These visions of liberty were in line with utopias of cyber- and new age-philosophy, receiving the Internet as the realization of the so called noosphere. This idea of a global mind sphere was borrowed by Marshall McLuhan from the Jesuit philosopher Teilhard de Chardin. On this way media theory received a humanist respectively a religious community ideal which was established in the age of enlightenment, and which was still influential on sociologists like Manuel Castells linking the “noopolitics” to the rise of the Internet.

In our research we did not remain unaffected by these utopian ideals. This is natural since we are a part of this society. I believe that a methodological consideration may establish the necessary distance to these normative paradigms. For the study of religion on the Internet I would like to pledge firstly for a more sophisticated approach: instead of focusing on a general “impact of the Internet” it seems to be more promising to take into account the modes of perception/usage of the Internet in different religious constellations. Secondly, the lack of profound changes in the religious landscape (despite the spread of the Internet) might be an opportunity for a deeper reflection on our definitions of religion. The relation between intellectual dimensions of religion (knowledge, ideas, belief systems) and dimensions of action (ethics, ritual) have to be considered anew.

Below are 5 recommended sources for studying normative claims and utopian discourses regarding the internet.

1. Connolly, Randy (2001): The Rise and Persistence of the Technological Community Ideal. In: Online Communities. Commerce, Community Action and the Virtual University, hg. von Chris Werry & Miranda Mowbray. Upper Saddle River [u.a.]: Prentice Hall PTR, 317-364

This article is outstanding. Connolly depicts the continuity of community ideals linked to technological innovations starting with 18th century channels, going on with the telegraph, phone, television, Internet. In all these cases the community ideal of a brotherhood of all men (and women) was articulated.

2. Ayaß, Ruth (2012): Media Structures of the Life-World, in: Staudigl, Michael (Hrsg.), Alfred Schutz. A Phenomenological Hermeneutics of the Social World. Dordrecht: Springer

Ayaß is a sociologist of communication and here she adresses a fundamental problem of the conception of the life-world (Lebenswelt) by Alfred Schütz (and thereafter the sociological school of Peter Berger and Thomas Luckmann). While the life-world is according to Schütz mainly based on face-to-face communication, Ayass argues to include communication via media as part of the daily life-world.

3. Katz, Elihu & David Foulkes (1962): On the use of mass media as „escape“: Clarification of a concept. In: Public Opinion Quarterly 26/3, 377-388

This article marks the starting point of all media reception research, and a counterpoint to McLuhan’s essentialist determiniation of constant media effects inherent to certain media. They ask „ … the question (is) not ‚what do the media do to people?’ but, rather, ‚What do people do with the media’.“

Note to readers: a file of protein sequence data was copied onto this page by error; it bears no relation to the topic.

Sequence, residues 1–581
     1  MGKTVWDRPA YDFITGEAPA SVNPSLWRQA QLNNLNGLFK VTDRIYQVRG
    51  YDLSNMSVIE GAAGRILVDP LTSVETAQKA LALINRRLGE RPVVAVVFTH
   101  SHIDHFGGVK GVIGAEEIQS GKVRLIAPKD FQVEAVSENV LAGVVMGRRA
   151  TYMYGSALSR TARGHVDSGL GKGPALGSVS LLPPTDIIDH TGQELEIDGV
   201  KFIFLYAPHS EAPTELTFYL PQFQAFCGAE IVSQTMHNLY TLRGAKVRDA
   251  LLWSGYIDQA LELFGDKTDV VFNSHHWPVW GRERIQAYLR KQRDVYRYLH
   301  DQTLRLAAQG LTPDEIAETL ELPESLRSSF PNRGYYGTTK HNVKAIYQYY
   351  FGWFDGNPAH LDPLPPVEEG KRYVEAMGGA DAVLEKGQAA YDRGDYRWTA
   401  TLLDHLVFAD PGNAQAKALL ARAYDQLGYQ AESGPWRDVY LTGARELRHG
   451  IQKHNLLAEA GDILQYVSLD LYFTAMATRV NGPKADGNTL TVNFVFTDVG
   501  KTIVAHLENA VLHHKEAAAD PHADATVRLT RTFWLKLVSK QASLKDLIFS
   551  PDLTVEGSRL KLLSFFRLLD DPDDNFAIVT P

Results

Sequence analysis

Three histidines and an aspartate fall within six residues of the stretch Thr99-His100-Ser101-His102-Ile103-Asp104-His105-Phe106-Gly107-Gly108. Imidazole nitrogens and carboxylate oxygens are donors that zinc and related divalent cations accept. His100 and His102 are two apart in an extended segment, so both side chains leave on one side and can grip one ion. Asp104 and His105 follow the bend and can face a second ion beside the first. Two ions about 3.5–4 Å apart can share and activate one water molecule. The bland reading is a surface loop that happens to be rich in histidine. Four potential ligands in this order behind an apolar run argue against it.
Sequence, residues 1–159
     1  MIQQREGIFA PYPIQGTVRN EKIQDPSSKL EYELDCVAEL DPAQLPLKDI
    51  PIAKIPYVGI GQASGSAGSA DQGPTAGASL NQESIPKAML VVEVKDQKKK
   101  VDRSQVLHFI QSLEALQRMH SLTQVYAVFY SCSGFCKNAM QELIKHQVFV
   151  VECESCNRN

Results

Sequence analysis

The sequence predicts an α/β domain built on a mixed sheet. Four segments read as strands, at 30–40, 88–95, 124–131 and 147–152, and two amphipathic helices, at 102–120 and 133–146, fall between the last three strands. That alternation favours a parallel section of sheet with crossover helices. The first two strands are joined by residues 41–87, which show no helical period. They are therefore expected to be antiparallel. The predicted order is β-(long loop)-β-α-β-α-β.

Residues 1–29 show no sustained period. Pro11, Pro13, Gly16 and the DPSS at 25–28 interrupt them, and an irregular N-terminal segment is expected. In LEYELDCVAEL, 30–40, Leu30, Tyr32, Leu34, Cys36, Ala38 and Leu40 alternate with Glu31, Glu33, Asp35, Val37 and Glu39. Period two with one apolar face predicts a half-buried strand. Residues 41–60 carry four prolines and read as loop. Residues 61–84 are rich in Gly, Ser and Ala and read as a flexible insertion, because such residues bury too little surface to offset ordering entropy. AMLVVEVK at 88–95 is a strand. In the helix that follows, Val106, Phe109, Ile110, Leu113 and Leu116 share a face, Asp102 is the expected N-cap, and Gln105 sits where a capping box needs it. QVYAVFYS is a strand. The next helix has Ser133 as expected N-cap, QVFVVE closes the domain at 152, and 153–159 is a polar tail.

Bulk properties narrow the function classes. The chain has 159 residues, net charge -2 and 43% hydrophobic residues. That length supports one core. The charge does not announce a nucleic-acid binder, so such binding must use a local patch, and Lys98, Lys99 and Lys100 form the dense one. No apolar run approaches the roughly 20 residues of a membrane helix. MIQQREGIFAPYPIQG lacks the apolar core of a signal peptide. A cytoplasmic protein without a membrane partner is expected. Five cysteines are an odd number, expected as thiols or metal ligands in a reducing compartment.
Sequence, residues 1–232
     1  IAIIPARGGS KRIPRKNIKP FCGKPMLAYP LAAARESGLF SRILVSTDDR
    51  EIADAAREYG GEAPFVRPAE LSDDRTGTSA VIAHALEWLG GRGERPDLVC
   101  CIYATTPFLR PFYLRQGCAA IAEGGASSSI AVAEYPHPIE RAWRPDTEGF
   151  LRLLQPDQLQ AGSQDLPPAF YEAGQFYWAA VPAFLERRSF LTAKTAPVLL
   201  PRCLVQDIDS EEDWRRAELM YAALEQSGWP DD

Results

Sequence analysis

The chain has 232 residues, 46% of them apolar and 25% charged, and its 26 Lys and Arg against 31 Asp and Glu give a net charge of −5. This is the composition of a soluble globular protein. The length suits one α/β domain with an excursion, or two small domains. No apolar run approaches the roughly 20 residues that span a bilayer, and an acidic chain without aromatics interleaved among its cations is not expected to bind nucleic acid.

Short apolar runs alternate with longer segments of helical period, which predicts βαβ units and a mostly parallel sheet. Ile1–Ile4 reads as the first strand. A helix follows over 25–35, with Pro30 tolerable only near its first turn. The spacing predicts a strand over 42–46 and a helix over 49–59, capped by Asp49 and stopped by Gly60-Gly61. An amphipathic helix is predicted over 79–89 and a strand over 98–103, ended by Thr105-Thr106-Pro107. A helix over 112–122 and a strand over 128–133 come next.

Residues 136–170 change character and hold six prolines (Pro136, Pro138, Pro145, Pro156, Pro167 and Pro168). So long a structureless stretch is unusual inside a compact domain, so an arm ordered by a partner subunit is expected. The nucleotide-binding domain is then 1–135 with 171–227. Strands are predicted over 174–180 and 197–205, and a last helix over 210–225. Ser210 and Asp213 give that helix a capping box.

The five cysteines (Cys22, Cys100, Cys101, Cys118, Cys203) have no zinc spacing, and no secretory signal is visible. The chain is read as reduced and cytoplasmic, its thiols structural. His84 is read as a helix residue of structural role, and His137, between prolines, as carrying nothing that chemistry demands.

4. Friedrich Kittler (1999): Gramophone, Film, Typewriter, Stanford (=Grammophon Film Typewriter. Berlin 1986)

Kittler (1943-2011) was a German literary scholar and media theorist, he also taught in Berkeley, Santa Barbara, Stanford, Yale and Columbia. He introduced a sophisticated and innovative perspective on the cultural and social history of media. This book is a classic.

5. Pasche, Florence (2008): Some methodological reflections about the study of religions on video sharing websites. In: Marburg Journal of Religion 13/1,

As far as I can see, this is the first article dealing with religion on video sharing websites, a field that I consider to be as important for religions as the social networks.

Mary Hess - Saturday, September 1, 2012 - 13:33

Pastoral practice is a constantly changing field, which means that digital publications are able to be much more responsive than are print books or journals. Here are five sites worth bookmarking or putting in your RSS readers.

State of Formation is a multi-authored publication that was founded by the Journal for Inter-religious Dialogue. Written by an intriguing group of younger scholars and pastoral leaders, State of Formation engages a wide variety of religious traditions, and frequently comments on challenges having to do with new media and pastoral practice.

Call&Response is a multi-authored publication focused within the Christian landscape that is published out of Duke University’s Divinity School. While this publication comments on many topics that are not directly connected to the media, religion and culture conversation, nevertheless it frequently points to recent scholarship from that conversation noting pastoral elements and implications to be found there.

GlobalVoicesOnline (search for the keyword “religion”) is a wide-open space for blogging and other forms of citizen media which report on news around the globe. While there is no central editorial voice at this site, the sheer diversity of the voices present makes it a fascinating site to visit regularly.

Odyssey Network Videos is very much not a text-oriented publication, but rather a video-blog with reporting from the US context. The site is clearly multi-faith in orientation, and not afraid to engage very current news issues, while yet maintaining a pastoral orientation.

The Jesuit Post is the most recent of these sites, begun in 2012. It is written by Jesuits (a vowed religious community within Catholic Christianity), and brings a wide-ranging but deeply grounded perspective to pastoral engagement with media culture.

Finally I would note that several “old” media publications (Tikkun, the National Catholic Reporter, Christian Century, Sojourners, and so on), regularly report on media issues with a nuanced awareness of the complexity of the media, religion and culture conversation, and with an eye towards pastoral practice.

Mary Hess - Wednesday, July 18, 2012 - 11:03

Putting together a brief overview of what’s going on with “theological education, religion and digital culture” is a daunting task.